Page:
Wed Dec 28 10:24am EST
Despite all the braying masses declaring the NHL has done "nothing" to attempt to curb concussions, the League has made three significant rules changes in the last two years with protecting the noggin as the focus: Rule 48 against blindside hits, and then the increased scope of both Rule 48 and boarding penalties. Factor the new blood in, and clear mandate of, the Department of Player Safety, and the NHL has been downright proactive.
But with an all-star team currently out of action due to concussions, the protests remain loud and consistent that the NHL must do more.
Calls to end fighting are more political and image-driven than relevant to the current debate; yes, we're all concerned about CTE and how fighters' brains are affected by a career of punches taken, but fighting isn't the reason why Sidney Crosby, Jeff Skinner, Simon Gagne, Shea Weber and the majority of their peers are currently concussed. Adding fighting to the current player safety debate is like when a senator attaches an amendment on defense spending to a payroll tax bill.
Of course, fighting is seen as entertainment by fans and by the NHL. So are long stretch passes for breakaways. So are races for the puck on an icing call. So is the general speed of the current product, and the big hits that result from it.
The next concussion-related rules change for the NHL, demanded by those who feel this is an epidemic, will mean a fundamental change to the current product. And it's a product that's made a lot of people, places and teams quite wealthy since the lockout, so you can understand the hesitation.
Icing will be one issue. No-touch icing in a non-starter. Hybrid icing has its champions, but the current incarnation being tested involves judgment "guesses" by officials that make us a little uneasy about the whole thing, even if it would cut down on end boards catastrophe.
Boarding will be another issue. Pierre McGuire voiced his support of Brian Burke's "hug rule" on VERSUS last night, in which a player can bear hug an opponent and ride him into the boards. Again, the point at which this goes from a delicate way to take a player out of the play vs. legalized holding is a Pandora's Box, with fans counting seconds on a slo-mo replay until the hug is released. It's a non-starter for us.
The main focus, we imagine, is going to be the "re-installation" of the redline and outlawing two-lines passes again. Eric Lindros, whose experience with head trauma has made him the de facto spokesperson for its prevention in the NHL, frequently advocates for the game to be slowed down. From the Kingston Whig-Standard this week:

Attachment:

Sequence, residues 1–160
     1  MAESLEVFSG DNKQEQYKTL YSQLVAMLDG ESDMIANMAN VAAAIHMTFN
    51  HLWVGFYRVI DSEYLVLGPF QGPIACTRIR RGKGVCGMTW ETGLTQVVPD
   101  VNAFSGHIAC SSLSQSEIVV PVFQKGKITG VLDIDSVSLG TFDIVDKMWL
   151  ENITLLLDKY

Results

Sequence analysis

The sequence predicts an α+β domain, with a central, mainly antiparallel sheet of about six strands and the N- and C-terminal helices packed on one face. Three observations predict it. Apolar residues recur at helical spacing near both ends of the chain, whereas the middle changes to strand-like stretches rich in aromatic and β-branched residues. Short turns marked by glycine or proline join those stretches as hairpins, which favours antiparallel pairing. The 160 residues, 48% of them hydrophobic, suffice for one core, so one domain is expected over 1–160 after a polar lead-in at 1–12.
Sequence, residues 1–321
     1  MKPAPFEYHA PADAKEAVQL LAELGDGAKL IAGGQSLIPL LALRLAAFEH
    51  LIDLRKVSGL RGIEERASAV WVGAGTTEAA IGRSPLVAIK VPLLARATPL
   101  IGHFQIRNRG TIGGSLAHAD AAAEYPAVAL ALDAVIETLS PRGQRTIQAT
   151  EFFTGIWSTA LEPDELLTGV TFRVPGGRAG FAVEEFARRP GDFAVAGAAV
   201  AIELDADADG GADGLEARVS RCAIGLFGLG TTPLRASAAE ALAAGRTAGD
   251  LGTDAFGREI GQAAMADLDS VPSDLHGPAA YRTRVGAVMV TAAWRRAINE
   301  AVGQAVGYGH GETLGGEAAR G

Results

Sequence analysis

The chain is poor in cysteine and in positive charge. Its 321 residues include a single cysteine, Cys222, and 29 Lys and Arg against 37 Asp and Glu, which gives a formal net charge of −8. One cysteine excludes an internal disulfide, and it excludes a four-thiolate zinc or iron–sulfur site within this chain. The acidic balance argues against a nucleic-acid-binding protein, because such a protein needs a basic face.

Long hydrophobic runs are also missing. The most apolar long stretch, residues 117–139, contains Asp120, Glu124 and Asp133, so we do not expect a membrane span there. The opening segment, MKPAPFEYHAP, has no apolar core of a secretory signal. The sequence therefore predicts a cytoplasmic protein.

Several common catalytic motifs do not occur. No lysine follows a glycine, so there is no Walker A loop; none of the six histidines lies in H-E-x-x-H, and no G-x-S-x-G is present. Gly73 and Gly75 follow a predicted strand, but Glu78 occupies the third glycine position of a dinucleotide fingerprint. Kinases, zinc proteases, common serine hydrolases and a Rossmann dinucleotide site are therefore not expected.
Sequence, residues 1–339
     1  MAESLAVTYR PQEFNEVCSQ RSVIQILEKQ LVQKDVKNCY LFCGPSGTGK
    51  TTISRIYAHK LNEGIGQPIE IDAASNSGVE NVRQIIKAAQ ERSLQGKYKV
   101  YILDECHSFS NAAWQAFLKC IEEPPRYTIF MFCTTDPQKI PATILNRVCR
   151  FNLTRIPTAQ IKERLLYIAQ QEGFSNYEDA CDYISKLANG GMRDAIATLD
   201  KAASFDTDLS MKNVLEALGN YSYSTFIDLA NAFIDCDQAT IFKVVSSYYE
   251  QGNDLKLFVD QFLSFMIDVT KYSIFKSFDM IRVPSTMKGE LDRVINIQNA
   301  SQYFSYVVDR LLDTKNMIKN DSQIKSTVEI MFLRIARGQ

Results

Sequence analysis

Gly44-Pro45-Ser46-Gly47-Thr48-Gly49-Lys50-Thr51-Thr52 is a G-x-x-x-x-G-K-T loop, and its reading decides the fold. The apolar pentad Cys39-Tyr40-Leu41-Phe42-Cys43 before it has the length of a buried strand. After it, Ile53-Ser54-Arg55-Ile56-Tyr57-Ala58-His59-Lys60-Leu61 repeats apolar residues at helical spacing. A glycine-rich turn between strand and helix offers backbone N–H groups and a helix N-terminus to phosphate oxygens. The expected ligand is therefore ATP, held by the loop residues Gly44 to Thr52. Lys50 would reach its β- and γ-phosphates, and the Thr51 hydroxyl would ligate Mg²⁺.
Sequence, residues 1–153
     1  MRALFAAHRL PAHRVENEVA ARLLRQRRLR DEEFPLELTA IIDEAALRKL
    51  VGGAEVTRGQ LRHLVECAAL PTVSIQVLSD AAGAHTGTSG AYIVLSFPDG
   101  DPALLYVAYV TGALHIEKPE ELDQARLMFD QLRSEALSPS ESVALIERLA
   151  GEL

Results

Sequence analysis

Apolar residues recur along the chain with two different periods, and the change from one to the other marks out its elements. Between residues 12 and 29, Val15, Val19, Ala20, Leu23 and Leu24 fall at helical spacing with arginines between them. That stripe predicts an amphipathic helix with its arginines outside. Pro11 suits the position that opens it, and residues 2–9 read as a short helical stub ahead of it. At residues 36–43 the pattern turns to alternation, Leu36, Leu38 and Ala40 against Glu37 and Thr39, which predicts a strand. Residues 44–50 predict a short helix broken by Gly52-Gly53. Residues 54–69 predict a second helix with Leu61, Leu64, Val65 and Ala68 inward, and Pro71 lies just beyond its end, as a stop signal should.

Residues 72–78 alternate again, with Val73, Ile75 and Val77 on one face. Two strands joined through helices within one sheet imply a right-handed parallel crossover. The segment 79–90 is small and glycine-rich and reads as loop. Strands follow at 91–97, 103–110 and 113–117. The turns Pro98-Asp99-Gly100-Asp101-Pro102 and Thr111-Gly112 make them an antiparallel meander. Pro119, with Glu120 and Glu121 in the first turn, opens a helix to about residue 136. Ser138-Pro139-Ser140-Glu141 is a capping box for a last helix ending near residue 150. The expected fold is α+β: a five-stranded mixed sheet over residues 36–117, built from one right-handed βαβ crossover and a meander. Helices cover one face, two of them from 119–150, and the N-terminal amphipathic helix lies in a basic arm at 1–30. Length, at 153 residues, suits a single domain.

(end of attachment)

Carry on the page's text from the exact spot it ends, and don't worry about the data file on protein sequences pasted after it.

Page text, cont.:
"The game's has gotten too fast," he said outside the Frontenacs dressing room after his one-hour morning session.
That speed comes at a price for the players' safety, he said. "The red line is out and the game's quicker. It's inevitable there's going to be more (concussions). They knew that when they took the red line out. So they sacrificed that for speed."
"They knew that" is a hell of an accusation, inferring intentional negligence on the part of the NHL; that it knew dozens of star players would suffer catastrophic injuries but didn't given a damn for the sake of a more fluid product. (Does "they" cover the NHLPA as well? Didn't they have a say in the rules changes?)
Opinions have changed about the legalized two-line pass. Bobby Clarke said in 1997 that "the refs have to call obstruction. … Forechecking used to be a big part of the game, but now the first guy can't get in." Today, Bobby Clarke says:
"When the lockout was over, the red line came out and the things the players could do — if you saw someone coming you could hold him up, make him break his stride, that was all taken out of the game,'' Clarke said.
So what you had was something akin to pond hockey abandon, only with boards and glass to mitigate that feeling of open ice.
"Now you have players of this size, plowing into each other, they can't protect themselves,'' Clarke said. "They can't protect their teammates ... you just have to take it. "When the red line came out, it sounded like a great idea. It was supposed to end the trap, but it didn't. Players are on top of each other so fast. Some of these concussions happen at the red line. You can't have players skating all over the place, running into each other with no resistance.''
It's here that Clarke and others make a salient point: How many concussions occur because of speed created through the neutral zone? How many dangerous hits happen off long suicide passes, which put unsuspecting players at risk?
The red line debate has trickled down to other levels. Fort Wayne Komets President Michael Franke, of the CHL, favors putting the red line back as well:
"When the red line was eliminated several years ago, they wanted to create more scoring,'' Franke said. "There may be a little bit more, but statistics are showing that scoring is up minimally. The repercussions of the red line being out and now two-line passes is the fact that these players are flying through the neutral zone and into the attacking zone. They don't have to worry about being offside on a two-line pass any more.
"And you have these 220-, 225-pound bodies that are flying into the offensive zone or in the neutral zone, and in my opinion this is why we are getting the concussions. The speed is so great and the body mass is so great that there's no way you can't sit here and think injuries are not going to occur. These are like Mack trucks running into each other.''
The "red line" debate is inseparable from the obstruction debate, and both are inseparable from the basic question facing the NHL: How much entertainment value are you willing to sacrifice from what's considered the best hockey the League's seen in decades for the sake of player safety?
How much more complicated does that debate become when so many marquee players are injured, and the very style of hockey they're playing is getting the blame?